Personally, I’m quite happy to eat chocolate bars with an expired sell by date, but I draw the line at filled chocolates. If they are expired, cut them up first with a knife and check for any mould (green or white).
If there is any, it’s very likely to be between the filling and the chocolate truffle shell. Such chocolate truffles are really not safe to eat and they are best thrown away.
If the chocolate filling and the outer shell looks fine, try to smell and taste a little bit. If it taste fine, then you are probably O.K to eat the rest. Saying that, just because the chocolates are in the same box, it doesn’t mean that they were made at the same time. One truffle could be O.K, but the next one might be off, so test them individually, especially if they all have a different filling.
Chocolate bars with nuts
The nuts have a shorter shelf life than a chocolate and will go off much sooner than the chocolate bar. If they are off, they will taste very rancid. If they are on top of the chocolate bar you can always pick them off.
You can also melt the chocolate bar gently in a microwave or in bain marie and put the chocolate through a sieve.
Throw away the nuts and providing that you’ve tasted the chocolate and the chocolate doesn’t taste any different to you than normally, use it for baking, making a chocolate mouse, or just drizzle it on a pancakes.
Chocolate snack bars (like Kitkat, Twix etc.)
Commercialy produced chocolate snack bars with fillings are more likely to go off because of the other ingredients, not the chocolate. The fillings, biscuit base or nuts have much shorter shell life than pure chocolate.
Manufactures also don’t use a good quality chocolate to make these bars and replace the cocoa butter with various oils, which tend to go off a lot quicker than a cocoa butter.
If you happen to have a chocolate snack bar, check first the sell by date and then have a small bite. If it taste O.K than it will be probably fine, but anything with 1 or more from it’s expiry date is likely not to taste very pleasant.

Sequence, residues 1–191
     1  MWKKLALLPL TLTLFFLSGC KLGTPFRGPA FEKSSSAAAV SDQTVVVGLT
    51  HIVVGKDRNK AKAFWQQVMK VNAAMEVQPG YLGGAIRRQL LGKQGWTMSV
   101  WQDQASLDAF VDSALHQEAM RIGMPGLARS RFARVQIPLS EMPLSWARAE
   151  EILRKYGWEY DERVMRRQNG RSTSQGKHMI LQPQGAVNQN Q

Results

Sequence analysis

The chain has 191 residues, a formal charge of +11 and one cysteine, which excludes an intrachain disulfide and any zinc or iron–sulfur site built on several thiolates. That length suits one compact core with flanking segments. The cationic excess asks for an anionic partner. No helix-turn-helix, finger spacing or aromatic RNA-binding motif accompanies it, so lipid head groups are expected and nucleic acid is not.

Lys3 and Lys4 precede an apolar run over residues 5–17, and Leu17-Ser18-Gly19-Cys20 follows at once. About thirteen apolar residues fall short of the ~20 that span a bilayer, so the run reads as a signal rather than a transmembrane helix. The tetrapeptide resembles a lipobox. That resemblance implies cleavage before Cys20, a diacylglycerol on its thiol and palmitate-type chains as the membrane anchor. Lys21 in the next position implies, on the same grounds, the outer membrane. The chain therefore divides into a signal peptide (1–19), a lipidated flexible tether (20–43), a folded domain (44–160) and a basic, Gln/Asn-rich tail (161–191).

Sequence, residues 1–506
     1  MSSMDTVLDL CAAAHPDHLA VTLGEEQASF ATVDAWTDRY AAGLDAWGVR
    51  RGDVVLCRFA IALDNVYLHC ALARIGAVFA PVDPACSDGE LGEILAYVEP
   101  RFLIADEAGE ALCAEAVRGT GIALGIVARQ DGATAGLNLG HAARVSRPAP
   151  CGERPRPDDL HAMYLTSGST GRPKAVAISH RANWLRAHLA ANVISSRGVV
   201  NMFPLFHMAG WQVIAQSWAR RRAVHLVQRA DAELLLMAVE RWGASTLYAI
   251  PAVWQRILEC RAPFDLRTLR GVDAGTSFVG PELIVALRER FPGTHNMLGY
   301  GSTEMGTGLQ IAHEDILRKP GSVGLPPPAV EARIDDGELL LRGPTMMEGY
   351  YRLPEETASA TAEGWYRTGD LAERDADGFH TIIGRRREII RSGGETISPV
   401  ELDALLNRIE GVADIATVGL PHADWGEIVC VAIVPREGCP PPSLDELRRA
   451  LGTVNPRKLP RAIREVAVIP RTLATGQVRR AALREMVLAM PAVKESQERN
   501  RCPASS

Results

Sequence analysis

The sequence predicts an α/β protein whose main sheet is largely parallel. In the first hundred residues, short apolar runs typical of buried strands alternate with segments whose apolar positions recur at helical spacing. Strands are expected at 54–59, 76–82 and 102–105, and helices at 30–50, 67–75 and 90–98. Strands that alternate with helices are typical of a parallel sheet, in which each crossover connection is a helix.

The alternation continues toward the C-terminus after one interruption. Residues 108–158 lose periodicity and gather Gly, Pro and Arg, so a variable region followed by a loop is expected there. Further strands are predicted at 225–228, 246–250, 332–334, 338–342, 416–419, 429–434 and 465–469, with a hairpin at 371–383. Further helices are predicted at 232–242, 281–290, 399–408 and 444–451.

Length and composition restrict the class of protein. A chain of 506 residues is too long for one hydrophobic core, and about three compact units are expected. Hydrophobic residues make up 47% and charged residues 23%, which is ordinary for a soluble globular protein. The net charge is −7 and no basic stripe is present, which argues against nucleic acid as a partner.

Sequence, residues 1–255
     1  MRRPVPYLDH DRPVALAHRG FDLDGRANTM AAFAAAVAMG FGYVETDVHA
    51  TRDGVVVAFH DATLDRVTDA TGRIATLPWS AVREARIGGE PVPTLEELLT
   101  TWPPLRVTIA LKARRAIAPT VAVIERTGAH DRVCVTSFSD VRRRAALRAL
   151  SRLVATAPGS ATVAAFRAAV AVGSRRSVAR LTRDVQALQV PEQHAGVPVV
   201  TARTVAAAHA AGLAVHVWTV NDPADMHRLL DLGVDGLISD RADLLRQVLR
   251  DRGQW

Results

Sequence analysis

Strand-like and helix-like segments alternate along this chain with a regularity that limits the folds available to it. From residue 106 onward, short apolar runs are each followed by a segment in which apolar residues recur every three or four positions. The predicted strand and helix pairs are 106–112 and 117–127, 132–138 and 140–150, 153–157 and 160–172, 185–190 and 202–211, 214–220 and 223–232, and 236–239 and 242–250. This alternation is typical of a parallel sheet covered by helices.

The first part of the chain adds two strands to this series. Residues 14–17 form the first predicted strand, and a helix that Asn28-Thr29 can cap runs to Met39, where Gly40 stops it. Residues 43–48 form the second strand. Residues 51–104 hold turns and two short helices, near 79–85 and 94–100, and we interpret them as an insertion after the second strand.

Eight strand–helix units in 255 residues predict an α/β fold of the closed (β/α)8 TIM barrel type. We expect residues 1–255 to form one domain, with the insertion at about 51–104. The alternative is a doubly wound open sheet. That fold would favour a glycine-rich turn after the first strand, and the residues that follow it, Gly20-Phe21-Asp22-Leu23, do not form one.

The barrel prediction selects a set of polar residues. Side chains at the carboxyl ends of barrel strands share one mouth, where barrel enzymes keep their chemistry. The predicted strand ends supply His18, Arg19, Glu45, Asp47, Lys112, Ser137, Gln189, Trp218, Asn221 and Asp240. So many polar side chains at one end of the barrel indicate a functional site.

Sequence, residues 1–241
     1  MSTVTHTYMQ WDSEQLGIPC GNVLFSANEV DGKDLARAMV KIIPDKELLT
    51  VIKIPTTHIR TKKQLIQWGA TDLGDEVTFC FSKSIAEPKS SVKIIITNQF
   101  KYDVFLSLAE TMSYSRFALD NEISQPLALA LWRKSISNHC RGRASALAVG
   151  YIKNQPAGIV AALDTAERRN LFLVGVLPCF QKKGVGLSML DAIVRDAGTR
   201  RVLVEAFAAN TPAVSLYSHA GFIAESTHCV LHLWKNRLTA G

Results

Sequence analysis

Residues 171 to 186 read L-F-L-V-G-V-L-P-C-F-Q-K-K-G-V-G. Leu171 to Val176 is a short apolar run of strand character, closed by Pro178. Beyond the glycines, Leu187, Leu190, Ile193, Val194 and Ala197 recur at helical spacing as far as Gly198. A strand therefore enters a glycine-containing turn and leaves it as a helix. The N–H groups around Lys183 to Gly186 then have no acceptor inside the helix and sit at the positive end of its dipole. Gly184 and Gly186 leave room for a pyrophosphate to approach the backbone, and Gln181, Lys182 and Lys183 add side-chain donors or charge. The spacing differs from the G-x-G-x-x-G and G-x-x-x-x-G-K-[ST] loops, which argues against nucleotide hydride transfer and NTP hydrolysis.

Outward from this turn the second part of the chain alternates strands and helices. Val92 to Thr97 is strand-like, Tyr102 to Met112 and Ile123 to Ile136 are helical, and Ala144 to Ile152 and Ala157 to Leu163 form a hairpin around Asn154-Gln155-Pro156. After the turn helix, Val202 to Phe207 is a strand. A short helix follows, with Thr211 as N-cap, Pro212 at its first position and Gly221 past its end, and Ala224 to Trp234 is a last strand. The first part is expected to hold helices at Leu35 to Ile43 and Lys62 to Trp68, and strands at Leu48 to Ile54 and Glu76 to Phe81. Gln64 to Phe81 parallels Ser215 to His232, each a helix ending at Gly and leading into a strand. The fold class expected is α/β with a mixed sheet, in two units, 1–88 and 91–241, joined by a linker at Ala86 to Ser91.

Questions & Answers
Go through the checks in my blog post first, but if the chocolate was stored well, you might be O.K to eat chocolate that’s 1-6 years pass it’s sell by date.
This very unlikely, I’ve (by mistake) eaten some very badly affected chocolate and I was never taken ill.
You will know if the chocolate is not good after the first bite and I’m sure you won’t carry on eating that chocolate for it to have any effected.
If you have a bag of chocolate buttons and you store them well in an ambient temperature (18-20 C max) than the whiteness on the outside of the chocolate buttons is very likely to be just scratches.
As chocolate buttons move around, they scoff and make the chocolate visibly white. I’d suggest to taste them and then decide if they are still edible. If the chocolate buttons were stored incorrectly, they might have dried out, so it’s better to use them for baking or making chocolate ganache.
No. Expired chocolate might not taste the best, but it’s not poisonous. Try a small piece of your expired chocolate and if the chocolate taste very off, simply don’t eat the rest.
At worse, you might end up with an upset stomach, but that would be probably from the other ingredients, not from the chocolate itself.